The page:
Although the U.S. Food and Drug Administration has approved several artificial disc replacement (ADR) devices for the lower (lumbar) spine, not all health insurance plans cover this procedure.
This procedure was developed as an alternative to lumbar fusion
for treating severe back pain caused by degenerative disc disease in the lower spine. It is also known as lumbar artificial disc surgery or total disc arthroplasty.
Unlike lumbar fusion surgery, replacing a damaged lumbar disc with an artificial one maintains the motion in the spine at that level. However, some health insurance companies still consider lumbar disc replacement to be an investigational procedure
Here is an overview of which major health insurance carriers do and don’t cover this procedure to date, and the requirements for qualifying for coverage. Insurers sometimes change their coverage policies, so check with your health insurer before scheduling a lumbar artificial disc replacement surgery.
Coverage of lumbar disc replacement surgery
Each health insurance company sets its own medical policies for which surgeries and medical procedures the health plans will cover.
These decisions are based on the benefits and risks, as well as the costs, of the surgeries and medical procedures. Insurers may change their list of covered procedures based on new information from clinical studies or changes in the cost of the procedures, for example.
The following health insurance companies currently cover artificial disc replacement surgery for the lumbar spine. However, all of these insurers have restrictions on which patients are eligible for this surgery. The companies include:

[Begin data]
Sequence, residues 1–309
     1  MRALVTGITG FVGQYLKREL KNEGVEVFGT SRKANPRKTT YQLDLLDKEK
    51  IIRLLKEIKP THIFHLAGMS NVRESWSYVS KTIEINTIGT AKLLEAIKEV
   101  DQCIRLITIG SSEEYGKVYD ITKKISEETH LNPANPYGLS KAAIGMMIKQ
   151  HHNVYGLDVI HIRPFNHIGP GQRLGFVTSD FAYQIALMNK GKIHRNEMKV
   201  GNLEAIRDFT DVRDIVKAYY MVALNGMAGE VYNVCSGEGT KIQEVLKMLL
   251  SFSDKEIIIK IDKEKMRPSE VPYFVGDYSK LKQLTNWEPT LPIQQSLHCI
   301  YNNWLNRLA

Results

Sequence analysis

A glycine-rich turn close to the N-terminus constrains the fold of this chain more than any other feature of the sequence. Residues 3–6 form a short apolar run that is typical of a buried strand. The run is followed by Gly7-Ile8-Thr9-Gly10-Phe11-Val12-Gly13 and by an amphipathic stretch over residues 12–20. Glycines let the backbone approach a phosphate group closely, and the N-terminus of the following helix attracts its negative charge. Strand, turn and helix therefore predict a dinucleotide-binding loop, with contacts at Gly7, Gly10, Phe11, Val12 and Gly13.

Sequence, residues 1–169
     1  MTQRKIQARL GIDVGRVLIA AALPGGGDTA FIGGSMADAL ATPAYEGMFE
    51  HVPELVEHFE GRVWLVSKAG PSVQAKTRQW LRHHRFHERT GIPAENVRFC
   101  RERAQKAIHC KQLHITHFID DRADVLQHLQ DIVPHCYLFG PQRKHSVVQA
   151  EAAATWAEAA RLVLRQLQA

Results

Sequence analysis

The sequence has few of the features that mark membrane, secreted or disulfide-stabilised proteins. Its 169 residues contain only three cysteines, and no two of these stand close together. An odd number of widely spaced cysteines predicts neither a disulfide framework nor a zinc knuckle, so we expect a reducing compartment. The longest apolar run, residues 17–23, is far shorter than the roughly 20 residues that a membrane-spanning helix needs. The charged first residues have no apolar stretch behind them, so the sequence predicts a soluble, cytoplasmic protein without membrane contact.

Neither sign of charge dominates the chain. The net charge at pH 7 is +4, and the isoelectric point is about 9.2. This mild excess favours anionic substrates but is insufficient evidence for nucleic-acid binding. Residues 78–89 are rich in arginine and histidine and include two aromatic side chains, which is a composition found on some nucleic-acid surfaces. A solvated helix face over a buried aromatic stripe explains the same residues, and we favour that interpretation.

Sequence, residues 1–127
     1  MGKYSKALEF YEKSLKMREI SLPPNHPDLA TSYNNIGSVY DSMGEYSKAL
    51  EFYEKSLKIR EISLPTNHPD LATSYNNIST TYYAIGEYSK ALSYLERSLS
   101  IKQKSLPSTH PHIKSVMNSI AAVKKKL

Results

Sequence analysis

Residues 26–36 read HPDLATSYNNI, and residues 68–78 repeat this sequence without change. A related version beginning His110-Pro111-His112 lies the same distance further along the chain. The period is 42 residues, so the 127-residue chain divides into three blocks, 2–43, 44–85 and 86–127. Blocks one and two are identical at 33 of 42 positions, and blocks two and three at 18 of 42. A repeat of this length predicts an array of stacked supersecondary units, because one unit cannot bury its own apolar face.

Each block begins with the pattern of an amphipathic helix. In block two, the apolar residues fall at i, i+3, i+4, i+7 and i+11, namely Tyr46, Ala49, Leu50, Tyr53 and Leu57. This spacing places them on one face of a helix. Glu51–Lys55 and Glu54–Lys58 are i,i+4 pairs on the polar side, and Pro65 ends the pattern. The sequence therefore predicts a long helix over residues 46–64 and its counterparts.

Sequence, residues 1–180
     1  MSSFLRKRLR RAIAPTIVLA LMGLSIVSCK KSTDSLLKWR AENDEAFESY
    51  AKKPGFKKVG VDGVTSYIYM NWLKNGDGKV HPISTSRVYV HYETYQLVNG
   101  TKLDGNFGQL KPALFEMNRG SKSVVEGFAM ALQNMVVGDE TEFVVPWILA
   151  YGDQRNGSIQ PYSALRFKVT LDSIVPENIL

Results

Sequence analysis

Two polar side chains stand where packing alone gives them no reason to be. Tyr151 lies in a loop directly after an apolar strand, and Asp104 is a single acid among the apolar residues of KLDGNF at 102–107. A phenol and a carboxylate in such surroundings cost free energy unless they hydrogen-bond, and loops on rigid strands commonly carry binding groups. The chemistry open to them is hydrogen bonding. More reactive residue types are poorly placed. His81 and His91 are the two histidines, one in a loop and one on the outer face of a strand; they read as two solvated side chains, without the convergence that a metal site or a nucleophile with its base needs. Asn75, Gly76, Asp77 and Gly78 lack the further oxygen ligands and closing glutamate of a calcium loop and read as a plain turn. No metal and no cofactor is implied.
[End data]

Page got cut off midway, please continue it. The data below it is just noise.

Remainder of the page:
* Some of the Blue Cross Blue Shield plans
* Molina Healthcare Inc.
Some insurers still consider lumbar disc replacement surgery for degenerative disc disease to be an experimental and investigational procedure, so they do not cover it. These include:
* Some of the Blue Cross Blue Shield plans
Health insurance requirements for lumbar ADR
Even if a health insurance company covers lumbar disc replacement surgery, the company may place restrictions on which patients are eligible to have this procedure covered. These requirements vary from plan to plan, but in general they include the following.
Disc-related pain. Back pain can have many causes. In order for lumbar disc replacement surgery to be covered, the pain needs to be caused by degeneration of the discs in the lower spine.
Symptoms for at least six months. Some cases of low back pain go away over time. Health insurance companies generally require that the symptoms be present for at least six months — or 12 months for some plans — before an insurer will cover lumbar disc replacement surgery.
Pain not relieved by a program of conservative treatment. All surgeries carry some risk, so spine surgeons generally recommend conservative treatments first for non-urgent cases of low-back pain. Health insurers often require that patients try this program for at least six months to see if it relieves their pain and other symptoms. Conservative treatments are aimed at reducing inflammation, relieving pain, and improving function. They may include:
* Activity and lifestyle modifications
* Anti-inflammatory medications and pain relievers
* Chiropractic care
* Corticosteroid injections in the spine
* Home treatment program of flexibility and muscle-strengthening exercises
* Physical therapy